There seem to be myths and misunderstanding about almost everything, from myths about beauty and diet, to myths about being fit. The problem with myths, of course, is that they can be hurtful, and some tend to blur the line between myth and stereotype, especially the myths about being fit. As a girl who’s relatively fit, I can relate, and I’m here to run down a few of them for you. Let’s see how many you believe, and how many you already know are junk.
This is likely the most popular of all the myths about being fit – that if you’re fit, well, it’s just your good luck. It’s genetic, and has nothing to do with how hard you work, how healthily you eat, how many miles you run, how many “second” cupcakes you deny yourself. Sure, genetics have a small part to play in fitness, but being fit is about a whole lot more than waiting around for your genes to kick in, especially as you get older. Humbug.
People who are fit may worry about calories a little more than the average person, but that’s more the domain of the dieting or the newly fit. If you’re a fit girl, chances are, you’ve learned what you can eat, and when, and how much, and how much exercise it takes to help you keep fit. Typically, it’s not about counting every calorie – it’s about an overall lifestyle.
I have a gym membership for three months of the year – January through March – because it’s just too cold here in Michigan to run outside. I’m there most days, for about an hour. That’s it. I certainly don’t live at the gym, and to be honest, neither do most other fit girls. We’re just as busy as you are, and we don’t have the time, energy, or frankly, the inclination to spend our entire life on the elliptical. Again, like with calories, it’s about balance.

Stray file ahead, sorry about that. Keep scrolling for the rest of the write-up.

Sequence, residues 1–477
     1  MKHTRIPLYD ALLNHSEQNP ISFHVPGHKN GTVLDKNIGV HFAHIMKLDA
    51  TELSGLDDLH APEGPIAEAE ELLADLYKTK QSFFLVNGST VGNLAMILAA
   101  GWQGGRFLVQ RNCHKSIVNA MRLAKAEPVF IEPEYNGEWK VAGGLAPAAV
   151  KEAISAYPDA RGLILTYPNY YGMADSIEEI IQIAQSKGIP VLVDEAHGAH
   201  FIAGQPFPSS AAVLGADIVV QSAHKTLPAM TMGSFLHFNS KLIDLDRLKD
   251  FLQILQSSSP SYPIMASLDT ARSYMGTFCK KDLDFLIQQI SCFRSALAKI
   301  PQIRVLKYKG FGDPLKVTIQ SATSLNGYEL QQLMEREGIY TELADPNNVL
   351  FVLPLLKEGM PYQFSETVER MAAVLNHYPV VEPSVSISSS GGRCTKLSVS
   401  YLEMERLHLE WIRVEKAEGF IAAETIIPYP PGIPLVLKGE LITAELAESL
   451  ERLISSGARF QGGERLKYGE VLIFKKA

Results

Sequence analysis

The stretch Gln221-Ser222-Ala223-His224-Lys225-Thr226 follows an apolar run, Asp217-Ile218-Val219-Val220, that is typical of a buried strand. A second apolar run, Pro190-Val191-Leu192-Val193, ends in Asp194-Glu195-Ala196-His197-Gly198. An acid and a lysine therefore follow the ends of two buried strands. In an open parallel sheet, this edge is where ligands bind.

When asked, I’ll tell anyone how I maintain my fitness, but I am most certainly not pushy about it. It’s hard to be a zealot when I’m often found feeding my face with a mini-cupcake, right? And sure, I do know a few “fitness freaks” who are so overjoyed with their lives after becoming fit, they’ll stop strangers on the street and show them their abs. But this wears off after the first eye roll, and we’re just as normal as everyone else, and unwilling to push our lifestyle on unsuspecting friends and family.
If this were true, I’d have at least one good photo of myself from the past year, but I don’t. And I certainly don’t have any photos of myself in a workout bra and short shorts. Most women who are fit aren’t self-absorbed; our motivation to be fit has little to do with appearance – though I admit I do like how my abs look – and a lot more to do with living longer, healthier lives with the people we love.
This is wildly untrue, and so hurtful! My goal in being fit has nothing to do with anyone else’s body issues. If anything, I’d hope my fitness would maybe inspire someone else to give it a go, since I’m probably the most unintimidating person out there. I’m not stacked, or ripped, or anything – I’m just fit. I still have cellulite and wrinkles and a slight muffin top – and who am I to judge? Fitness and weight are related, sure, but I’m not a doctor. I can’t judge who’s fit and who’s not, just by looking at them (with a few obvious exceptions).
Umm, no. “Fit” and “eating disorder” don’t even belong in the same sentence. I’d like to point out that being severely underweight and sick with an eating disorder is just as unhealthy, maybe even unhealthier, than being obese. So anyone you’d think of as “fit” is likely not suffering from an eating disorder. The end.
So how many of these fit-myths have you believed in the past? And which did you always know were total hooey? Are there any other hurtful fitness myths you’ve heard that you’d like to bust? Please share!
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